Oracle's decision to sell direct to its top 4,000 accounts after swallowing Sun should by all rights be a cause of great anxiety at Australia's top Sun reseller, Frontline Systems.
Frontline, one of the most successful resellers of Sun hardware, "plays almost exclusively at the top end of town" with "99.9 percent" of customers among Sun's top 4,000, according to general manager Bill Frangeskakis.
But Frangeskakis is confident Oracle won't make a policy of stepping on Frontline's toes once the Sun merger is ironed out.
"The information we have now is that if we are adding value to the account and have a relationship, there is no way Oracle will uproot that," he told CRN. "Larry Ellison, Oracle CEO, has simply said any partner that doesn't add value will be struck off. Well, we see what we do as adding value."
The only danger, he suspects, is in how Oracle and Sun reps interpret Ellison's comments.
"It's when the rubber hits the road that it counts," he said. "Most sales reps will interpret it as they truly should, others will see it differently."
Frangeskakis said the strength of Frontline's relationships within the management of Sun, Oracle and customers will protect the reseller's business.
"If an individual [Sun/Oracle] sales rep said we'll take that [Frontline] account, they would be overturned. That's the strength of the relationships we have. We have enough contact within the hierarchy to make sure people behave appropriately."
While he does not play down Oracle's direct sales capacity, Frangeskakis said Frontline "owns the relationship" with large Australian customers and can manage an account from sales "right through the procurement and logistics."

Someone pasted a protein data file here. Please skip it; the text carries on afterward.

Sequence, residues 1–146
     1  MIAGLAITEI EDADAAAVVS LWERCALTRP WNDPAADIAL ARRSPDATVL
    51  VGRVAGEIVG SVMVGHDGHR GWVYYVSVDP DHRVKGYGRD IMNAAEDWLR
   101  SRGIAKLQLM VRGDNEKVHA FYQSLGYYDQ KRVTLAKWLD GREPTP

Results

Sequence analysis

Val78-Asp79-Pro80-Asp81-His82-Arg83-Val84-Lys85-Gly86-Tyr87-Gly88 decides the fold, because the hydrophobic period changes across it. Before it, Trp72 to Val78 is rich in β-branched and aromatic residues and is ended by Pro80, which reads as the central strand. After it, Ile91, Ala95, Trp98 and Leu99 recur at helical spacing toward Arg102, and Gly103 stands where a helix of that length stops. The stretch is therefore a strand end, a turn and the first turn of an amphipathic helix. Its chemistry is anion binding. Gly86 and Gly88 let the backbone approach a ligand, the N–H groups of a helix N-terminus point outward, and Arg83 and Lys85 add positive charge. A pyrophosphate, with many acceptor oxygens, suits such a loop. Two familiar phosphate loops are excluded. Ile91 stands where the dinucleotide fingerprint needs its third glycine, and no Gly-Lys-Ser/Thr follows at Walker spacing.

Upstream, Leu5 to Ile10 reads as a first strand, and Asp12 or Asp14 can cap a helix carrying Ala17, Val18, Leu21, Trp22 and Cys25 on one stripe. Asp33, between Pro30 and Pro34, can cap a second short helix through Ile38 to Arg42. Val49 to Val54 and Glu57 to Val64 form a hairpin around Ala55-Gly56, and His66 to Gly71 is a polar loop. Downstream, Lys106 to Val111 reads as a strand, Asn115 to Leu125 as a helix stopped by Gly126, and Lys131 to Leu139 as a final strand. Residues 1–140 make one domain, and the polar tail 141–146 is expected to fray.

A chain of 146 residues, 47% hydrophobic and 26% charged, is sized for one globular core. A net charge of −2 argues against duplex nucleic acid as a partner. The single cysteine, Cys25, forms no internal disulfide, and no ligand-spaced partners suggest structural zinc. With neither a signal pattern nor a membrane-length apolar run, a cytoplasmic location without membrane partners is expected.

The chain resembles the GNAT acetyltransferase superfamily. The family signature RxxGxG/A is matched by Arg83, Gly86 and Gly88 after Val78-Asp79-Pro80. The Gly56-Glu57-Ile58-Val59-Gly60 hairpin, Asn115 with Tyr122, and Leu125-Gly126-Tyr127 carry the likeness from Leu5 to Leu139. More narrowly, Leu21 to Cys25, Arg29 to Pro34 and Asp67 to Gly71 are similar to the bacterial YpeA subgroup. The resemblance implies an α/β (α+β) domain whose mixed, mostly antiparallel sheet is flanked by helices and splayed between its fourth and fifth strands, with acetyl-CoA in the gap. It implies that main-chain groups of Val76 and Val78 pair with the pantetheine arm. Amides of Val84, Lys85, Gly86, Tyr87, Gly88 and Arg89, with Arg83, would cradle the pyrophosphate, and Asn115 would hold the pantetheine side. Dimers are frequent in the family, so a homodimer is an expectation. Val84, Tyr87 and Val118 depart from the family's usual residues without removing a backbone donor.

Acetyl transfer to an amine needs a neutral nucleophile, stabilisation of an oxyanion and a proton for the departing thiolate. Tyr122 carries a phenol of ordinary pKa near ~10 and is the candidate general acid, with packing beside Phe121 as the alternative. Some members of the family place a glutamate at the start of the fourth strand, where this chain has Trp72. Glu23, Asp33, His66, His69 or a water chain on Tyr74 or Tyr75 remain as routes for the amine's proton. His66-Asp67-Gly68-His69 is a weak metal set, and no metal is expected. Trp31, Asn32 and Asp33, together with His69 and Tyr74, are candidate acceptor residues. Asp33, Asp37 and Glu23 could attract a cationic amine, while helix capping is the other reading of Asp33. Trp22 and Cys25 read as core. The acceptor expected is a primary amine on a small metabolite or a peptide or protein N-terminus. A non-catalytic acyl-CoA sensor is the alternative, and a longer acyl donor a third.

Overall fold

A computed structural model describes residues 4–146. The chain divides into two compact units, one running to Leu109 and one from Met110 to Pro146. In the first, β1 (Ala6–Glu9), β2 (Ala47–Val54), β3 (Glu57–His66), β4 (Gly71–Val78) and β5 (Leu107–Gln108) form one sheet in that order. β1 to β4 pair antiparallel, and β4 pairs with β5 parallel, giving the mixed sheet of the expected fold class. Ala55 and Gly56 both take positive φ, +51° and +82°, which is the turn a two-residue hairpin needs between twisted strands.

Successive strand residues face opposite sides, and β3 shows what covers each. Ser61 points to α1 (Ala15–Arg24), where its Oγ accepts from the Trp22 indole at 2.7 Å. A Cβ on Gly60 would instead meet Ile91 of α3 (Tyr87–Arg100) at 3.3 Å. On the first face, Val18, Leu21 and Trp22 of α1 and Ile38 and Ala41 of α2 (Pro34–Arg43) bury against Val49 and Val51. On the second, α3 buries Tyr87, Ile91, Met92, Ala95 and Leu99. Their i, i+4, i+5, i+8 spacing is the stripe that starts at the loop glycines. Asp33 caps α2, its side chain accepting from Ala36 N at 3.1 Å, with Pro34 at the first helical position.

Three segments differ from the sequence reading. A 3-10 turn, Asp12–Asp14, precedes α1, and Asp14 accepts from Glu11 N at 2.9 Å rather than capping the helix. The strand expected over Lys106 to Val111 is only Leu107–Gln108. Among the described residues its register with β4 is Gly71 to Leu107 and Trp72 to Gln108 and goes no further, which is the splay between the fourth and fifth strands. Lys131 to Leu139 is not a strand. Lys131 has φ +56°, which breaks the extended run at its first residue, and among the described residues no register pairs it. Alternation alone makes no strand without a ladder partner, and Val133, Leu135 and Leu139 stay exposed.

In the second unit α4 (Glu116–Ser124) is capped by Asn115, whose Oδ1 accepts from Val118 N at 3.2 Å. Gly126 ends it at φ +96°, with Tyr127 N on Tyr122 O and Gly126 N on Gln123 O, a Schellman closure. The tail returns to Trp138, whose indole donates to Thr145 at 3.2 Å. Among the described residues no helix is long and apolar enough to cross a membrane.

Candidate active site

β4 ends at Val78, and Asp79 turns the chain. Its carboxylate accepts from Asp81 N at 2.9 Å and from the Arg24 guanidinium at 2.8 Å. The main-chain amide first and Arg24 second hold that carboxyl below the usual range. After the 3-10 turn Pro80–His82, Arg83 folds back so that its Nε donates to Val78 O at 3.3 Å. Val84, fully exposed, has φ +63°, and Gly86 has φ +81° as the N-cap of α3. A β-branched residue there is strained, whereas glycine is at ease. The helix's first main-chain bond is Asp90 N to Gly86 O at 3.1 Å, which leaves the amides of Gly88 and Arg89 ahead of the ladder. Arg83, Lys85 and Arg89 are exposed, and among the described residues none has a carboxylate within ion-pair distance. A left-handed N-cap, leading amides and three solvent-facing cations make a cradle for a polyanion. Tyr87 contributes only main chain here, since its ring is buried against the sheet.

"We can deliver that and a myriad of stuff in between," he said. "Existing Sun customers want Sun's engagement model to be maintained."
Frangeskakis said that IBM, Sun and HP - despite their best efforts - have not managed to steal a single Sun account during the acquisition.
"We expect our business to continue, if not grow," he said.
Further, Frontline has already engaged on campaigns with Oracle around the high-end Exadata V2 platform (Oracle database on Sun hardware) after a channel program was launched at OpenWorld in October 2009.
While no Australian partners have officially been certified for open resale rights for the product yet, Frangeskakis said Frontline and Oracle are "working on a go-to-market campaign around Exadata V2 right now."
"We have half-a-dozen opportunities as we speak today that we are looking closely with Oracle to close," he said.